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How the Two Kinds Stress Affect the Workplace

Zach Morgan March 26, 2017 0 comments 0

As unfortunate as it may sound, stress is an immutable part of our lives and careers.  Friction inevitably arises within our attempts to balance work, fun, friends, family, and everything else we have to consider as working adults.  This friction often advances into stress, but what might be surprising is that stress manifests in two very distinct ways.

The type of stress that most of us are likely familiar with, toxic stress. Toxic stress can be easily identified by a measurable negative impact, typically a decrease in production and motivation.  Conversely, productive stress can inspire a healthy, driven mentality within the workforce, creating an atmosphere where employees are ready and willing to work as a team.

Studies have shown that upwards of 80% of chronic disease can be linked to toxic stress, which can be a very debilitating to both corporate performance, employee wellness, and vice versa.  To that end, it is imperative to recognize potential contributors to toxic stress in the workplace.  Unclear communication, lack of respect and/or recognition, and micro-management are all workplace factors that can lead to a negatively stressful workplace environment, which in turn can result in an increase in sick days (absenteeism) and employee turnover as well as a decrease in productivity and company competitiveness.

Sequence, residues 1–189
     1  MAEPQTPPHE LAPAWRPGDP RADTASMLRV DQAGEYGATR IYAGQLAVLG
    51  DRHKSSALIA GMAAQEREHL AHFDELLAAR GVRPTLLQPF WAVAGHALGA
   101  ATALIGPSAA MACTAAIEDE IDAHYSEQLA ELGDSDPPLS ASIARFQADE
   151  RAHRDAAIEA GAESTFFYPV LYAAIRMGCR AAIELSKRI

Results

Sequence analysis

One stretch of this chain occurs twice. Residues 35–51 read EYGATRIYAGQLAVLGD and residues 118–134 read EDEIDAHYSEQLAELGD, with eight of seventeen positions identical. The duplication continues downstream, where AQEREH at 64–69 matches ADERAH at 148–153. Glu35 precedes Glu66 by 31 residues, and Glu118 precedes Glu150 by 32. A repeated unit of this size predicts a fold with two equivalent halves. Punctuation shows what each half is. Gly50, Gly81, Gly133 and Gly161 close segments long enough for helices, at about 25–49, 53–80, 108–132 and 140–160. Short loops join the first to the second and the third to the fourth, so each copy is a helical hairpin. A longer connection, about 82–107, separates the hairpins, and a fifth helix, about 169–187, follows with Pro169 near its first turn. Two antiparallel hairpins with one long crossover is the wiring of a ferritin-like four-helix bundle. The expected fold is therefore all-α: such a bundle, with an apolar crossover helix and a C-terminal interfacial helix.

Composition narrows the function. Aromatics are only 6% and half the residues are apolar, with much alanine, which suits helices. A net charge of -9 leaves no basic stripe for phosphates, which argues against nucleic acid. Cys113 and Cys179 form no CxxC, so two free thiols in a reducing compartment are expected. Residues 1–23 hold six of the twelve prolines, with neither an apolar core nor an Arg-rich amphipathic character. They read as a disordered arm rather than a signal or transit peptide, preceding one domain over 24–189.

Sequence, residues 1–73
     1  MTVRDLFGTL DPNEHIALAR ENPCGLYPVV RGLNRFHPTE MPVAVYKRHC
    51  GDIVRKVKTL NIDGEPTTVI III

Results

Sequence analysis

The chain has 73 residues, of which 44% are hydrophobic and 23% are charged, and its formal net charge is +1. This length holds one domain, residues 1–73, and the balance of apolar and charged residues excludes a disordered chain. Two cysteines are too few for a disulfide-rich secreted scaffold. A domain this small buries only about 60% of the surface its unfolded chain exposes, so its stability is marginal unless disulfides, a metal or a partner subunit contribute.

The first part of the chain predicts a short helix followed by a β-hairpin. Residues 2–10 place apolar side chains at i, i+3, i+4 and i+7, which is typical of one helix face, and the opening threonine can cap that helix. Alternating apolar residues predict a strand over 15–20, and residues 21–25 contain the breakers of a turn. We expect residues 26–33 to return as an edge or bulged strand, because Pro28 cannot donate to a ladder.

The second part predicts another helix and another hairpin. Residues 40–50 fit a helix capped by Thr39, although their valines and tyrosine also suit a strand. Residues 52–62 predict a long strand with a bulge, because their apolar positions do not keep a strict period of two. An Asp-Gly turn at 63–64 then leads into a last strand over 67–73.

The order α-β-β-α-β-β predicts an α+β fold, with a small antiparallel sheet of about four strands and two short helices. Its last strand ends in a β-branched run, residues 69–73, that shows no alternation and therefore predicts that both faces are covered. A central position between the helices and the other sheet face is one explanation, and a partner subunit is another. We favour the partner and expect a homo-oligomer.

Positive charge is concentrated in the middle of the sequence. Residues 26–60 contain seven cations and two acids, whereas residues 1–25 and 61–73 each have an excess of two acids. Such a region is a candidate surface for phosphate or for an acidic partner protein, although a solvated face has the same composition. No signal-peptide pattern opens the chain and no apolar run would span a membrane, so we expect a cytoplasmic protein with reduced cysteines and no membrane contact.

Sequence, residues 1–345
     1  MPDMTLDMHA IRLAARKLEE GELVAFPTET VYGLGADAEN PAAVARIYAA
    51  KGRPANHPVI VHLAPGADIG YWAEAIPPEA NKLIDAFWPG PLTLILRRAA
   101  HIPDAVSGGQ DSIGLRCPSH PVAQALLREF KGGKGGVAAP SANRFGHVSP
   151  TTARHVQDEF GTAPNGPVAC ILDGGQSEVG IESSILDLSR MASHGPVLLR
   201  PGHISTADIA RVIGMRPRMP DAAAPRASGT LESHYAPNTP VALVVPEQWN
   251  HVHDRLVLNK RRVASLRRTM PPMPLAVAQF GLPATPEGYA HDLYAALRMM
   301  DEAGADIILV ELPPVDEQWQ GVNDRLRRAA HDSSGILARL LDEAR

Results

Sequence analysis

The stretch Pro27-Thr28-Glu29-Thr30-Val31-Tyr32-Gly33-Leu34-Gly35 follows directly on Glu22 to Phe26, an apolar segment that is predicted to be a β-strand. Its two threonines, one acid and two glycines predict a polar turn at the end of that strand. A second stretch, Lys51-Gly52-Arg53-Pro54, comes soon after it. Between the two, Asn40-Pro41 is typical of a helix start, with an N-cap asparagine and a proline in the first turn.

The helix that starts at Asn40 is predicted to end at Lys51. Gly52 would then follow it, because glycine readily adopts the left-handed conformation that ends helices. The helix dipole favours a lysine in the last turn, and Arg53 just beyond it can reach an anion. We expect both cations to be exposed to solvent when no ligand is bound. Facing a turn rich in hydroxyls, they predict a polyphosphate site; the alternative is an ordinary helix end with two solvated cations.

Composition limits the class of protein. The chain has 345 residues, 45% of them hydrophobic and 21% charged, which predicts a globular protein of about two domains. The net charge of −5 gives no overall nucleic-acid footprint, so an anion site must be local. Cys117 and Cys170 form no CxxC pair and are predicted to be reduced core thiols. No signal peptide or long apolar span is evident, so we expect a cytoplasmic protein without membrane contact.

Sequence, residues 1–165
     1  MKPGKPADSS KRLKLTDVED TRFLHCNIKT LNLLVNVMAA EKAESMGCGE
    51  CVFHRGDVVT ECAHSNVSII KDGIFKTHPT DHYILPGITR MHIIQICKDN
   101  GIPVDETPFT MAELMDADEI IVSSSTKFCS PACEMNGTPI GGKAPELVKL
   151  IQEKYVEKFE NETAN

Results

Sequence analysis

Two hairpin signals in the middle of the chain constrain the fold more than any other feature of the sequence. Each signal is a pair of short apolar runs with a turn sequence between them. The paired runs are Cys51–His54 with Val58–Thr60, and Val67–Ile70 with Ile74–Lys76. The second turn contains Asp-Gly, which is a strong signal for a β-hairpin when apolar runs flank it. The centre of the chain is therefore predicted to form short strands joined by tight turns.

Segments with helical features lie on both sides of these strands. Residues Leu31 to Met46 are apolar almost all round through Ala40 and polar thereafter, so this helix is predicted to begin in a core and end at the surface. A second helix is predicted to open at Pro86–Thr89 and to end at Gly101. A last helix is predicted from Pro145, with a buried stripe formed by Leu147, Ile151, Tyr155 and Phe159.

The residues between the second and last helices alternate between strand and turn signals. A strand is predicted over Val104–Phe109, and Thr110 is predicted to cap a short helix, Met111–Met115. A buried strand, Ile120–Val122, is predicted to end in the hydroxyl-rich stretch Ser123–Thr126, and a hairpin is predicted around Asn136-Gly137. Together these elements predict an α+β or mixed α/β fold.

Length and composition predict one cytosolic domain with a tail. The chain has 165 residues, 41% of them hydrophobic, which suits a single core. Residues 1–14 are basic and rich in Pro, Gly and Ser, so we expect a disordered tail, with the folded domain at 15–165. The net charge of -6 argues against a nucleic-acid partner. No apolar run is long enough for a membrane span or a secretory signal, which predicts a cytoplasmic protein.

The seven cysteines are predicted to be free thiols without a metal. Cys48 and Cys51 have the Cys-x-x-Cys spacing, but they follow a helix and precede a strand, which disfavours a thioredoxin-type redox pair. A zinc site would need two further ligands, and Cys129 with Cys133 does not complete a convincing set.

The single best way to combat negative stress is to foster a positive work environment.  This may be easier said than done, but with the right frame of mind it is a very simple concept to grasp.  A constructive workplace environment is one where employees at all levels can make positive contributions to the company’s goals, all without sacrificing their mental, emotional, and physical well-being in the process.  This can be achieved through good, strong leadership, accountability from top to bottom, and recognition for a job done well.  Put quite simply, creating a positive workplace environment is as simple as considering the Golden Rule.  Think about how your co-workers are impacted by your actions, then consider what it would feel like if your roles were reversed.  You will quickly see that a workplace where everyone is happy, recognized, and fulfilled is a nearly unstoppable force.

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